A few weeks ago, the Guardian reported that the employees of Sports Direct were being asked to press a sad or happy emoji when they clock in to work.
Sports Direct has introduced a staff survey system and when employees clock into work they are being asked to press a touchpad featuring a happy ūüôā or sad ūüė≠ face emoji to indicate whether they are satisfied with working conditions.¬† Sports Direct have said that this is a way in which they can allow their staff to provide feedback.
However, the introduction has brought some criticism from the union, Unite, who say that the use of fingerprint recognition technology in a survey such as this means that grievances are unlikely to be raised.¬† This is because if the employees press the sad face, then they are being asked whether they are sure about their decision and if they press it again they can then be called in by managers to discuss why they did so.
My own view is that I think the system is a good idea where the sad emoji is pressed where someone is unhappy about a minor issue that has happened the previous day.¬† However, as all employers know, grievances, in the most part, are raised by employees when they are genuinely unhappy and they feel that they have been hard done to.¬† Most employees will only raise a grievance as a last resort and I would question whether, or not, the touch on a sad face is going to be particularly helpful where an employee is unhappy about the way in which they have been treated by a particular line manager or whether the grievance is based on discrimination whether that be inappropriate comments being made on the basis of sex or on account of a disability by another employee.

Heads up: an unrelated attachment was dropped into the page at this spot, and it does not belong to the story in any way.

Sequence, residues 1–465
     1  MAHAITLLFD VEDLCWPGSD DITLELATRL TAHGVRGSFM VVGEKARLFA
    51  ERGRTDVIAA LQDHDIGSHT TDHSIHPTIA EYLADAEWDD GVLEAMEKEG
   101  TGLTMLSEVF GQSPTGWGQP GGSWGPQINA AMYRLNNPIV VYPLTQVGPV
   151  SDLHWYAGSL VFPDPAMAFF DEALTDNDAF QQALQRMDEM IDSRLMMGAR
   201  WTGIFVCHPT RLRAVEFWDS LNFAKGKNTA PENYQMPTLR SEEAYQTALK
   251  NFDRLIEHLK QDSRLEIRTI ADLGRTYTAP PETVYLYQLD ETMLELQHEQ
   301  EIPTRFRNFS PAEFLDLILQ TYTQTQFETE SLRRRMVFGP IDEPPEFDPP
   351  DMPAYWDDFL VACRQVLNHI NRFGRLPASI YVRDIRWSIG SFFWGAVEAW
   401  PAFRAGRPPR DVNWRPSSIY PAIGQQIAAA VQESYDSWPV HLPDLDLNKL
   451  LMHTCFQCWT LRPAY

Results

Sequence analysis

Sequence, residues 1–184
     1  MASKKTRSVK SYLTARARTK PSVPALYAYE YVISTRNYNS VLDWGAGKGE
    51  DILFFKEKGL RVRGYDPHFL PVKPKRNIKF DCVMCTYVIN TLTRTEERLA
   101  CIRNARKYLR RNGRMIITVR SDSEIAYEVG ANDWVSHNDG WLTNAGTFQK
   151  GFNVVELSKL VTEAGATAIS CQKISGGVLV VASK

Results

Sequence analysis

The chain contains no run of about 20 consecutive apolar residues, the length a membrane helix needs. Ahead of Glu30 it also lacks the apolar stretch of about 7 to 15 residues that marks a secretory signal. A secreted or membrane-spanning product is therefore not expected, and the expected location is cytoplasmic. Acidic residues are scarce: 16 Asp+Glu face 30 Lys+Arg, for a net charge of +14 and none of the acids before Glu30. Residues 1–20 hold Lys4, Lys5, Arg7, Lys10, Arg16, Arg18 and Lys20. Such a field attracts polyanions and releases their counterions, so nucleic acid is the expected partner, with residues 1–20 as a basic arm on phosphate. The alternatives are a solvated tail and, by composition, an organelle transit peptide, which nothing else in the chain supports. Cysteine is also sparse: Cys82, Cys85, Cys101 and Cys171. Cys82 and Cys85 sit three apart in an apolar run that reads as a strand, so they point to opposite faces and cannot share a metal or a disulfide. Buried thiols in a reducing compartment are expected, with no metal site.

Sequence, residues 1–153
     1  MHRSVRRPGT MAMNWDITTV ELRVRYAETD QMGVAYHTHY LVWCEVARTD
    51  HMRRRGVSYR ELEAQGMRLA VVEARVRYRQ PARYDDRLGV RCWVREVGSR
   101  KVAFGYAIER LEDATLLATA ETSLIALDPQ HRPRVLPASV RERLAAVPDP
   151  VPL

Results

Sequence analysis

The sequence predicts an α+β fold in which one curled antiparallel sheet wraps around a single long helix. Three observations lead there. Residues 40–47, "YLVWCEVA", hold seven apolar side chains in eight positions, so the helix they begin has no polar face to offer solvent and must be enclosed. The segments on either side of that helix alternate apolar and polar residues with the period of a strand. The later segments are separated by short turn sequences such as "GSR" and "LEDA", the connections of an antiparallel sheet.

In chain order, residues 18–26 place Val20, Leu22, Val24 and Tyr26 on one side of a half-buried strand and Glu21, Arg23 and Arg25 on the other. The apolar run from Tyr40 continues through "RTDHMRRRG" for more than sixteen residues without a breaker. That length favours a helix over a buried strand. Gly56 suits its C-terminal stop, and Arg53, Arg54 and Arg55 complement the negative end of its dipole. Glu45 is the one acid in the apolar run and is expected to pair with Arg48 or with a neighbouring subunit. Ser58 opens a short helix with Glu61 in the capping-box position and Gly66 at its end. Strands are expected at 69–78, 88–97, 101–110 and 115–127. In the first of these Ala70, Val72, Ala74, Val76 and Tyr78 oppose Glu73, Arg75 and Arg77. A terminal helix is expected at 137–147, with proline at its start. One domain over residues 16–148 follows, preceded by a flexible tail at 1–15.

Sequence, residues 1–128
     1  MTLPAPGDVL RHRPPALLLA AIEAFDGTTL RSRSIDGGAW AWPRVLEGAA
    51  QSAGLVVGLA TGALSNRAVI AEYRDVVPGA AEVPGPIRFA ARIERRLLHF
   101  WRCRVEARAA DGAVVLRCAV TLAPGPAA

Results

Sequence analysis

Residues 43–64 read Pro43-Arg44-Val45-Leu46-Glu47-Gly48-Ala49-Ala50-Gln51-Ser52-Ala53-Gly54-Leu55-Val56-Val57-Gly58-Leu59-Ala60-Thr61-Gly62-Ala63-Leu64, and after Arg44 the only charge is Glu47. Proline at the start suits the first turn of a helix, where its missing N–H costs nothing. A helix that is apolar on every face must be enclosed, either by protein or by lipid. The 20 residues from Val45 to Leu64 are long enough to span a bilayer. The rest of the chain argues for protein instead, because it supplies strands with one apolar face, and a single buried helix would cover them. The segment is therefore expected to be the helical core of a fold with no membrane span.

Regardless of your view on the introduction of Sports Directs‚Äô emoji system, employers need to bear in mind that in terms of the Employment Rights Act 1996, they are obliged to provide their employees with a safe system of redress.¬† That means that employees need to know what an employer‚Äôs procedure is if they want to raise an issue about how they are being treated at work.
Therefore, all employers should have a written grievance procedure in place.
Remember that an unresolved grievance can mean that an employer is facing a claim for constructive unfair dismissal on the basis an employee has resigned because they have failed to deal with their grievance correctly.¬† In addition, many grievances are based on one of the protected characteristics under the Equality Act 2010, whether that be sex, sexual discrimination, sexual orientation, age, religion or belief, race, marital or civil partnership status, pregnancy or maternity leave, gender reassignment and disability.¬† If grievances are raised on the basis of any of these protected characteristics then employers are potentially facing a tribunal claim for discrimination.¬† Employers should also remember that the right to raise a claim under the Equality Act applies from the first day of their employment.¬† Therefore, it is important that employers take steps to investigate these grievances properly and fairly.
If you are unsure about whether or not your grievance procedure is adequate to protect you against any claims or if you require any guidance on dealing with grievances, then please contact me by email firstname.lastname@example.org or by telephone on 01383 721 621.